Victory in sight on Adani, but Aurizon still a threat

After years of campaigning, it finally looks as if the Adani mine-rail-port proposal in the Galilee Basin has been defeated. A week after the Palaszczuk government was re-elected on a promise to veto funding from the Northern Australia Infrastructure Facility, the two biggest Chinese banks have announced that they will not be lending to the project either.

The election outcome is particularly striking. Premier Palaszczuk executed a rather inelegant backflip on this question after it became apparent that her weak pro-Adani position was politically untenable (I hope my column on the subject may have had some small influence there). My expectation (widely shared, I think) was that this would cost the government seats in Townsville and Rockhampton, where the local governments had committed millions of dollars to be nominated as FIFO hubs. In fact Labor held all these seats, with the possible exception of Townsville, still in doubt. Meanwhile, the LNP proposal for a coal-fired power station gained them nothing in North Queensland and cost votes in the South-East. With the election over, Adani’s political leverage in Queensland is now non-existent.

The Chinese banking decision also welcome. Although China is rapidly moving away from coal in its domestic economy, the Chinese export finance machine is still pushing coal projects around the world, as long as they use Chinese equipment and expertise. Perhaps this announcement is part of a broader change, or perhaps the Carmichael mine project is too much of a dog even for pro-coal lenders.

There’s still one cloud on the horizon (trying to work out a pun on Aurizon here, but failing). The former QR has a competing proposal before the NAIF, seeking funding for its own rail line connecting Abbot Point and the Galilee Basin. This is a revival of a project put forward in partnership with GVK Hancock, which owns three prospective mine sites: Alpha, Alpha West and Kevin’s Corner. Aurizon abandoned the project in 2016, but revived it to the point of a proposal to the NAIF.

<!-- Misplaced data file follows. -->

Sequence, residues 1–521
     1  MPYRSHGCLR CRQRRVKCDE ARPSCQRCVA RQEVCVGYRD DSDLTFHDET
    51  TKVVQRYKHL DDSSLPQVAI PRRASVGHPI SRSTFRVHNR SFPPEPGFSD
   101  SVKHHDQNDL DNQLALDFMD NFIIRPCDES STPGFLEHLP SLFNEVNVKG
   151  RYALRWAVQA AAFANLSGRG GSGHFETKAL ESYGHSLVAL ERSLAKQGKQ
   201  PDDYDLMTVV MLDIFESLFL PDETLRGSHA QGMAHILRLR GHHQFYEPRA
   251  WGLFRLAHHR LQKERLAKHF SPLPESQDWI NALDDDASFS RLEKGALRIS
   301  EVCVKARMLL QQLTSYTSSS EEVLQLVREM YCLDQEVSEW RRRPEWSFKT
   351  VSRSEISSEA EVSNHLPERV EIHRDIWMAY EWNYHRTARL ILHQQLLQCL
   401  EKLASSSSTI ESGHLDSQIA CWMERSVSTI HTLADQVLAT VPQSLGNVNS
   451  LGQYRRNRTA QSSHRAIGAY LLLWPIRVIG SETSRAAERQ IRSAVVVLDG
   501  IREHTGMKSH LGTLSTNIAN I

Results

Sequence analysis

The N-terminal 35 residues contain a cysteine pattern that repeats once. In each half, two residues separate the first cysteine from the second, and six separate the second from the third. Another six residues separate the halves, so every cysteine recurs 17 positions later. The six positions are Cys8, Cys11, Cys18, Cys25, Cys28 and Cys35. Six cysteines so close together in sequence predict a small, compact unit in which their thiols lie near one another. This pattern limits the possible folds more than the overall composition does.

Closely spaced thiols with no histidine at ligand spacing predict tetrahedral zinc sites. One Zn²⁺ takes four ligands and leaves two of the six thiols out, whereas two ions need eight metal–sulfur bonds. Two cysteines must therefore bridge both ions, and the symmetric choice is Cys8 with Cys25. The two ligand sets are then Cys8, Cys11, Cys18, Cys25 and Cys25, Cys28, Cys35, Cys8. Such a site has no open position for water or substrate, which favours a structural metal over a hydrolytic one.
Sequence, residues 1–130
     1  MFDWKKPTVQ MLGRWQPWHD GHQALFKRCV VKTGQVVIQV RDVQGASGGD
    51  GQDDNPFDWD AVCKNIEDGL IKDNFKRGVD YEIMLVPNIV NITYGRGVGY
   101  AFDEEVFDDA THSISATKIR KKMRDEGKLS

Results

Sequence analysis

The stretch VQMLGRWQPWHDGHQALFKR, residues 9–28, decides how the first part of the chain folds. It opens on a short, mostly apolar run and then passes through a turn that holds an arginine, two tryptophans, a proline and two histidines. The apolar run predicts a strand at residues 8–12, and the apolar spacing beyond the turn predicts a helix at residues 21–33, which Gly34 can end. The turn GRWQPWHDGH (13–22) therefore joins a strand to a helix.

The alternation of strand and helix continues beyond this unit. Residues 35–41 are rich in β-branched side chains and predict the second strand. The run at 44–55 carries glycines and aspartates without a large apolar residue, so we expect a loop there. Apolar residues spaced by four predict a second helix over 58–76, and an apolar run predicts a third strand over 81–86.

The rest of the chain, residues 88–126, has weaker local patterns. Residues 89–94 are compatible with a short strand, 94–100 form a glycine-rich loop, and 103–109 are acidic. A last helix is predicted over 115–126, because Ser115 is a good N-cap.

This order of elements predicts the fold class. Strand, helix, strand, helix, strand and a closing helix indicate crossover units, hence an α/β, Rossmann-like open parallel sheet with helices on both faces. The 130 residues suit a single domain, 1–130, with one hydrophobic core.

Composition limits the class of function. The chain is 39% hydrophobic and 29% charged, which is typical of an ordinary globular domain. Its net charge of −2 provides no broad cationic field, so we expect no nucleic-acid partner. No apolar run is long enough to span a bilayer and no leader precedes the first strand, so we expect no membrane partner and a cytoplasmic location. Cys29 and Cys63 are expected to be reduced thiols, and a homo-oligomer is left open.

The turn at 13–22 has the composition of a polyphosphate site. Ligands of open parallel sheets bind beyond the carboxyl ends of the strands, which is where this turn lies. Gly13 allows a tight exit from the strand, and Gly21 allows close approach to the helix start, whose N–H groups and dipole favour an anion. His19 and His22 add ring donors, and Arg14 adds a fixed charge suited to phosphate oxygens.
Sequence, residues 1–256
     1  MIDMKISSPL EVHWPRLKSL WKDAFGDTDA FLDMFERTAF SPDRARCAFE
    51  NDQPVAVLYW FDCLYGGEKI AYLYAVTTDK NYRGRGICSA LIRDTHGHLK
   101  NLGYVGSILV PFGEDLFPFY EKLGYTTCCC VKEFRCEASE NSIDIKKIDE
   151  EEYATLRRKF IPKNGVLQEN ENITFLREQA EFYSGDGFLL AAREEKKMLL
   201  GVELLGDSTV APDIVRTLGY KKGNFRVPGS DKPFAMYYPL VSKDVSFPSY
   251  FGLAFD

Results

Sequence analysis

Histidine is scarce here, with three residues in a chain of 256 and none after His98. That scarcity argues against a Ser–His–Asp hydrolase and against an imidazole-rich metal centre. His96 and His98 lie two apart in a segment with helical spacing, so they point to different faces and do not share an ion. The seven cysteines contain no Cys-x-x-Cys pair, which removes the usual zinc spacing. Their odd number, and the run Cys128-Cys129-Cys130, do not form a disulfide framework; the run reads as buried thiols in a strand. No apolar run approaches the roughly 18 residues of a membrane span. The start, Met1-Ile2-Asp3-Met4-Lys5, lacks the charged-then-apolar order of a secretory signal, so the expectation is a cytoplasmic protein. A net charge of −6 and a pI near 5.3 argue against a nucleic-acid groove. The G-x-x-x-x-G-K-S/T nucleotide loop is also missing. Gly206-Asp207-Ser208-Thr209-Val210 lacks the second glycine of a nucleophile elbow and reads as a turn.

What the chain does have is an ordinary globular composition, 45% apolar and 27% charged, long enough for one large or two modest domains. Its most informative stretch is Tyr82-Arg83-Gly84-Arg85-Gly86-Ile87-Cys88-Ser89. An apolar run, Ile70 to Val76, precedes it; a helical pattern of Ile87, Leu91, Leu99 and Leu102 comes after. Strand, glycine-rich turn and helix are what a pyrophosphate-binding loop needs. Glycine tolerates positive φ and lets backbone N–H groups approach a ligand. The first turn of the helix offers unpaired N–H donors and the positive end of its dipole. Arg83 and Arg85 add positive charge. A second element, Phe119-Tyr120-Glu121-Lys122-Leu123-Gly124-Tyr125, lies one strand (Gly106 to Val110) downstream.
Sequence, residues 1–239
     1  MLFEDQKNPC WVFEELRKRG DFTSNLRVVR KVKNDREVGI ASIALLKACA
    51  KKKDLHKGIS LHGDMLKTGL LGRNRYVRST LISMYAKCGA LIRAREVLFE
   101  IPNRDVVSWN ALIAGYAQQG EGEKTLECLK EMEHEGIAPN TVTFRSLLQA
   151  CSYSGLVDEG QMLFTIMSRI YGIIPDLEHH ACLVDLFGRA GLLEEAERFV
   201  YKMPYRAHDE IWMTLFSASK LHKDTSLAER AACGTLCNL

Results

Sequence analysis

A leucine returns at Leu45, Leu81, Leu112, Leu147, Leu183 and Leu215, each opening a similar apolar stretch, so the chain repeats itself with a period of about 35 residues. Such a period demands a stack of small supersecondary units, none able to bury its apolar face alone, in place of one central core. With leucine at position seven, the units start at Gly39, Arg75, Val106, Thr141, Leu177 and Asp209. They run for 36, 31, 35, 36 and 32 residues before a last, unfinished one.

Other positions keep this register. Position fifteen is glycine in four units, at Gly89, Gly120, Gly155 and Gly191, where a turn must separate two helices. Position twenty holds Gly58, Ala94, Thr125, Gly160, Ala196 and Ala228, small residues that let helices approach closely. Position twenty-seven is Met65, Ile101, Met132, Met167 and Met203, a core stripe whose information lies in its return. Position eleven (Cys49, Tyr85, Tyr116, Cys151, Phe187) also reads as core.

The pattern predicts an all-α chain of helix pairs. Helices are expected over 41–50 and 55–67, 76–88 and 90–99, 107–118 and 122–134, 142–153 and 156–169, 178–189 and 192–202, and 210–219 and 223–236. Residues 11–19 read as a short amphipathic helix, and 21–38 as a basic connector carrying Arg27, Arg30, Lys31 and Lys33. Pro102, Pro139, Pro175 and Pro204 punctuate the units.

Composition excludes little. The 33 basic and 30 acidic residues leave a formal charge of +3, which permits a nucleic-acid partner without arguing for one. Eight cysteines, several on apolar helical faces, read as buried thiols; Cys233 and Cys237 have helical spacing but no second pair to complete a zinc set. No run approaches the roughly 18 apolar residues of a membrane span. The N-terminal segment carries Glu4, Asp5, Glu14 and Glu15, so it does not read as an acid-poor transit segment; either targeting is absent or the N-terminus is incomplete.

The Aurizon proposal would involve the public lending money to an Australian company with substantial assets. On the other hand, the GVK coal mine project makes Adani’s Carmichael look like a great investment. GVK defaulted on half of the purchase price owed to Gina Rinehart’s Hancock Prospecting and remains massively in debt, with heavy accumulated losses and with the banks declaring the company’s debt as non-performing. The company’s namesake and founder GVK Reddy, has just resigned as Managing Director of the main company in the group, GVK Power and Infrastructure. Even with a bump in the price of coal, it seems impossible that this project can proceed any time soon.

The same is true, for similar reasons, of Clive Palmer’s Waratah Coal.

So, if Aurizon went ahead, it would depend on Adani somehow finding the money to start up the Carmichael mine, and the willingness to pay enough to make the rail line profitable. That seems highly unlikely, but with a project as potentially destructive as this, it’s important not to relax until it has been finally abandoned.

22 thoughts on “Victory in sight on Adani, but Aurizon still a threat